PhD Studentship: The Vulnerability of White Matter to Induction of a Human Tau Mutation Associated with Dementia

University of Plymouth - Plymouth University Peninsula Schools of Medicine & Dentistry

Start date: 1 Oct 2018

Director of Studies: Professor Robert Fern

2nd Supervisor:  Dr Edgar Kramer

Plymouth University Peninsula Schools of Medicine & Dentistry are seeking to attract PhD candidates of outstanding ability to join their exciting and rapidly expanding programme of internationally-rated research.  PUPSMD are committed to research excellence with a recent £25 million investment in staff and facilities. Medical research here was ranked first for outputs in REF2014.

Applications are invited from suitably qualified graduates, 2:1 or above.  International students must have an IELTS score of 7.0 or above (with no less than 6.5 in any element).

An essential step in many forms of dementia is the hyper-phosphorylation of a protein called tau. Until recently, the sequence of events that follow the onset of “tauopathy” has been mapped out in the synapses and neuronal cell bodies of the brain. Brain imaging studies now show that some of the earliest changes in the demented brain occur in the white matter. In humans over 50% of our brain is taken up by white matter, which houses the axons responsible for making connections within the brain and between the brain and the body. We have recently shown that induction of tauopathy in a genetic model produces very rapid pathological changes in white matter. This studentship will explore the underlying mechanism of these changes, which result in a novel phenotype that may underlie progression of the disease. Techniques will include electron microscopy, electrophysiology and cell imaging; full training will be provided.

The lab is mid-sized (4-8 members), in the heart of a region of outstanding natural beauty. All PhD students who have passed through the lab have published at least one full, primary author paper. A recent example is Doyle et al., ("Vesicular glutamate release from central axons triggers myelin damage that is responsive to receptor sub-unit selective therapy." Nature Communications, in press).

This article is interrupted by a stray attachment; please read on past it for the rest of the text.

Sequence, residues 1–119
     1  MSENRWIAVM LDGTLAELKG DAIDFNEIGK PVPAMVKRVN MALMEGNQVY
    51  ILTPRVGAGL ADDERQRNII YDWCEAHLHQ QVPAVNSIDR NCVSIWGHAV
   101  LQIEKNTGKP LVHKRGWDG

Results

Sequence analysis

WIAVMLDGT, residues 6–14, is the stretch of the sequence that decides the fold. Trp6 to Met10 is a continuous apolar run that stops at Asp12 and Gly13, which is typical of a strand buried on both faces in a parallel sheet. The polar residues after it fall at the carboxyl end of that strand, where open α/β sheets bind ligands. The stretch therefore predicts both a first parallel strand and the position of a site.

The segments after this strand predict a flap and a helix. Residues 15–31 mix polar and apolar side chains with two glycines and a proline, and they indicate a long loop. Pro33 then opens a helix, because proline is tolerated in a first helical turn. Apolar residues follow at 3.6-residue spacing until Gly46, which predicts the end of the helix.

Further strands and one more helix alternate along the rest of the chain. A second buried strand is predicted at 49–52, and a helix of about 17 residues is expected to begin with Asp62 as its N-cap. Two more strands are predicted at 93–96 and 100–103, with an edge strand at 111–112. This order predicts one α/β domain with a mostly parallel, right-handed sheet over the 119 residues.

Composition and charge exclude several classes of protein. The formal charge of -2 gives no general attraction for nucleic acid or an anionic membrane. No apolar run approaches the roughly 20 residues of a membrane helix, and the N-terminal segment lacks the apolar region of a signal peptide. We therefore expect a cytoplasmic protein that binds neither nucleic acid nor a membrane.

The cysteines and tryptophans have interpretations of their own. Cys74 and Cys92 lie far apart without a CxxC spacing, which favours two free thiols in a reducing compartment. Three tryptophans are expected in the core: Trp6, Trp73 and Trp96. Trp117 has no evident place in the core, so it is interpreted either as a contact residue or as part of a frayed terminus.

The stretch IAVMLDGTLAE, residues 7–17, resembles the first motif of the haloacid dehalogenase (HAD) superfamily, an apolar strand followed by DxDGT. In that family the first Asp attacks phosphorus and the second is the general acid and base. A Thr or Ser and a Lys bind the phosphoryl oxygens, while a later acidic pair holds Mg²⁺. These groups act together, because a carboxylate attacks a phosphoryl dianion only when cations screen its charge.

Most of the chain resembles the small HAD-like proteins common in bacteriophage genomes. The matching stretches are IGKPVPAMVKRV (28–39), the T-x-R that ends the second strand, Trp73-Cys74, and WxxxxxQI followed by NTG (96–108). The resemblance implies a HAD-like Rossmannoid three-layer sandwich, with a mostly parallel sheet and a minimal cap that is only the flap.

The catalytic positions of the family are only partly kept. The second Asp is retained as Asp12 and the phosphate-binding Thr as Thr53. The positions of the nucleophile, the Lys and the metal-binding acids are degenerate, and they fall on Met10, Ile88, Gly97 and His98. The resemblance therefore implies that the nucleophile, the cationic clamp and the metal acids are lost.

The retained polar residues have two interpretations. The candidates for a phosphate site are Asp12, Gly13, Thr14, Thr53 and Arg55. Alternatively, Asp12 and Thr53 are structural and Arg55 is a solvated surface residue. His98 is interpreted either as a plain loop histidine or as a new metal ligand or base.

For further information, please contact Professor Robert Fern However, applications must be made in accordance with the details shown below.

Funding Notes:

The studentship is supported for 3 years and includes full Home/EU tuition fees plus a stipend of £14,777 per annum. The studentship will only fully fund those applicants who are eligible for Home/EU fees, with relevant qualifications.  Applicants required to pay overseas fees will have to cover the difference between the Home/EU and the overseas tuition fee rates. For the 18/19 academic year, the difference is £10610 per annum. If selected you will be required to provide financial assurances.

Please note that due to funder requirements, only full-time applications can be considered on this occasion.

To Apply:

Follow and click ‘Apply now’ to access the application form.  Please mark the application with REF: PUPSMD-17-18-008, for the attention of Francesca Niedzielski. A project proposal is not required.

Further information on the application process. If you have any questions on the admissions process contact 

The closing date for applications is 12 noon on Friday 20 April 2018. Shortlisted candidates will be invited for interview. Applicants who have not received an offer of a place by 31 May 2018 should consider their application has been unsuccessful on this occasion.

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South West England